LETTERS TO THE EDITORS
To the Editors:
As a physicist-turned-software engineer, I always enjoy Brian
Hayes's Computing Science column, and his essay in the
November-December issue ("Up a Lazy River") was no
exception. But as a physicist-turned-software engineer, I noticed
something important was missing. In the equation θ = ω
sins, s is described as the distance along the stream
centerline. But one can't take the sine of one inch, one foot, or
one mile; the argument to the trigonometric function has to be
dimensionless. What is the scale factor? The width or the depth of
the river, or the square root of the cross-sectional area? And how
does one account for the variation of the scale factor, whatever it
is, with distance along the stream centerline?
Mountain View, CA
Mr. Hayes responds:
My decision to omit the scale factor from that equation was not a
careless error but a deliberate one. At the time, I thought that
ignoring all questions of dimensions and units would make the
mathematical model easier to understand; complaints from several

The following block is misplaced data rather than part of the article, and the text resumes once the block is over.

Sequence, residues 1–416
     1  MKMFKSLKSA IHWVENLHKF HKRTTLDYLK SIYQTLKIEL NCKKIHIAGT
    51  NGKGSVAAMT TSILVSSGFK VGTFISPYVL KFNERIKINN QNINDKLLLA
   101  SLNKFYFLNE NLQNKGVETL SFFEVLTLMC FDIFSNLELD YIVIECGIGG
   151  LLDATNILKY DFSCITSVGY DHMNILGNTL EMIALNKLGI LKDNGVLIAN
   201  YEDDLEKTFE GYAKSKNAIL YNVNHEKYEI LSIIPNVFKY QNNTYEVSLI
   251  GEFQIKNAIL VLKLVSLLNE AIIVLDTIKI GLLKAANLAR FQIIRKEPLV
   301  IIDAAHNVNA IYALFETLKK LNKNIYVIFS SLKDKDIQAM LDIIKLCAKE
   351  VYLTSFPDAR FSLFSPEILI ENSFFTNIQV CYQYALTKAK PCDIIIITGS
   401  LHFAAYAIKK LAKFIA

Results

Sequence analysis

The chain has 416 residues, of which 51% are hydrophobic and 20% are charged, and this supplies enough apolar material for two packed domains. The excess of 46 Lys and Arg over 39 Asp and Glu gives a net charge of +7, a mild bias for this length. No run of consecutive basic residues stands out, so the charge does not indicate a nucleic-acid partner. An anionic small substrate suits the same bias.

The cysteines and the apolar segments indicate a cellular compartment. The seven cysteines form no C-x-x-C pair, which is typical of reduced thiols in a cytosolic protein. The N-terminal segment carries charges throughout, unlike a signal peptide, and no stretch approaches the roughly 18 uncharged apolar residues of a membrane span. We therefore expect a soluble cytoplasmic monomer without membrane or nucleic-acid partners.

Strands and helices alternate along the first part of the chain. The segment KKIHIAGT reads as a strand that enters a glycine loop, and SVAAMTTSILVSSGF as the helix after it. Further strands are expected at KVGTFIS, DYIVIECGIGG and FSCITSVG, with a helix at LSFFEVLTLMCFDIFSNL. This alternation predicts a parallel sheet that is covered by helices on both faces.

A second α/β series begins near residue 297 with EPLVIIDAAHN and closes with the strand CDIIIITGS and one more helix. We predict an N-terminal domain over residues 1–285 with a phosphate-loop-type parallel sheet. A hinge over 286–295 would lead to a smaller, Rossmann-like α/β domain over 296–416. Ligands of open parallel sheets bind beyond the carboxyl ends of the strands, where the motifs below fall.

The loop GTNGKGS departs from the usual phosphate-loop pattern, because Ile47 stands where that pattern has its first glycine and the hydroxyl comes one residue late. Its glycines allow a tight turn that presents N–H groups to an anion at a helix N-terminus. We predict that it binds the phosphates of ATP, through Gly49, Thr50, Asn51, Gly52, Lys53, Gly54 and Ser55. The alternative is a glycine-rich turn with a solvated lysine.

readers have persuaded me I was wrong.
It's common practice when dealing with abstract equations to pretend
that all quantities are dimensionless. In a graph of the sine curve,
y = sinx, we don't ask about the units of
x and y. The simplest of the meander models falls
into the same category. There is no natural scale factor; neither
the width nor the depth of the river can serve in this role because
the model river has no width or depth but only length. There's
nothing more to the model than a curve in the plane, defined by the
equation θ = ω sins. In this case, however, the
argument to the sine function is distance along the curve
(s) rather than distance along a coordinate axis
(x or y). Apparently, it's harder to view
s as a dimensionless quantity than it is x or y.
I certainly could have written the equation with a scale factor,
θ = ω sink s. The value of k is
arbitrary. Indeed, we can always set k equal to 1 by
adopting appropriate units of measure fors, much as
physicists often adopt "natural units" in which Planck's
constant and the speed of light are numerically equal to 1.
Nevertheless, mentioning k explicitly would have caused no
harm and would have avoided confusion for some readers.
I should add that the equation really needs a second constant as
well: Strictly speaking, it should be written θ =
ωsink s + Φ, where Φ defines the phase of
the wave. Curiously, no one has objected to the omission of Φ.